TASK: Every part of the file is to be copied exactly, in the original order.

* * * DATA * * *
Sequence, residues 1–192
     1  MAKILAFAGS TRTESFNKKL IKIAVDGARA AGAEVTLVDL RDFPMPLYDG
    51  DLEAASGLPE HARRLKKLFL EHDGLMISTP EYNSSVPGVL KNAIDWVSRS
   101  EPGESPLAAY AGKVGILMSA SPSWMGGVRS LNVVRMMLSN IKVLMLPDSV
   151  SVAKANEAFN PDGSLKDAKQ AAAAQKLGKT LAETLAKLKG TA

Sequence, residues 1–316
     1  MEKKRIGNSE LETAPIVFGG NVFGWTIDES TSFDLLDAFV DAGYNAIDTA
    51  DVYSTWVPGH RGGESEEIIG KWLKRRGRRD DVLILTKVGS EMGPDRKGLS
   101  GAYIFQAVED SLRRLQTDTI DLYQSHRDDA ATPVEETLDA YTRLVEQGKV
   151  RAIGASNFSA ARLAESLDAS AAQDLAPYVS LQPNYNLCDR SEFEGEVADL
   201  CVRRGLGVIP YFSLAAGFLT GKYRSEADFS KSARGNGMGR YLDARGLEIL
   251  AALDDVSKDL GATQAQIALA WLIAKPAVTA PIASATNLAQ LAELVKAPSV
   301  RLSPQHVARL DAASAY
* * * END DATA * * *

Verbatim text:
Sequence, residues 1–192
     1  MAKILAFAGS TRTESFNKKL IKIAVDGARA AGAEVTLVDL RDFPMPLYDG
    51  DLEAASGLPE HARRLKKLFL EHDGLMISTP EYNSSVPGVL KNAIDWVSRS
   101  EPGESPLAAY AGKVGILMSA SPSWMGGVRS LNVVRMMLSN IKVLMLPDSV
   151  SVAKANEAFN PDGSLKDAKQ AAAAQKLGKT LAETLAKLKG TA

Sequence, residues 1–316
     1  MEKKRIGNSE LETAPIVFGG NVFGWTIDES TSFDLLDAFV DAGYNAIDTA
    51  DVYSTWVPGH RGGESEEIIG KWLKRRGRRD DVLILTKVGS EMGPDRKGLS
   101  GAYIFQAVED SLRRLQTDTI DLYQSHRDDA ATPVEETLDA YTRLVEQGKV
   151  RAIGASNFSA ARLAESLDAS AAQDLAPYVS LQPNYNLCDR SEFEGEVADL
   201  CVRRGLGVIP YFSLAAGFLT GKYRSEADFS KSARGNGMGR YLDARGLEIL
   251  AALDDVSKDL GATQAQIALA WLIAKPAVTA PIASATNLAQ LAELVKAPSV
   301  RLSPQHVARL DAASAY